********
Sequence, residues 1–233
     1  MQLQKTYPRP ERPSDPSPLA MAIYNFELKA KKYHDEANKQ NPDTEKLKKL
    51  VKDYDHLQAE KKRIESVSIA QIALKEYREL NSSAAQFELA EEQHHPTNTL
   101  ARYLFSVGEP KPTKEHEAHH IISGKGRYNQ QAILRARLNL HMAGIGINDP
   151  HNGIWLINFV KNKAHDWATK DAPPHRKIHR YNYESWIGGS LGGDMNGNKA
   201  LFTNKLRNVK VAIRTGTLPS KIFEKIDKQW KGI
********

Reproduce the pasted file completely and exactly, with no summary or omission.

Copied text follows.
Sequence, residues 1–233
     1  MQLQKTYPRP ERPSDPSPLA MAIYNFELKA KKYHDEANKQ NPDTEKLKKL
    51  VKDYDHLQAE KKRIESVSIA QIALKEYREL NSSAAQFELA EEQHHPTNTL
   101  ARYLFSVGEP KPTKEHEAHH IISGKGRYNQ QAILRARLNL HMAGIGINDP
   151  HNGIWLINFV KNKAHDWATK DAPPHRKIHR YNYESWIGGS LGGDMNGNKA
   201  LFTNKLRNVK VAIRTGTLPS KIFEKIDKQW KGI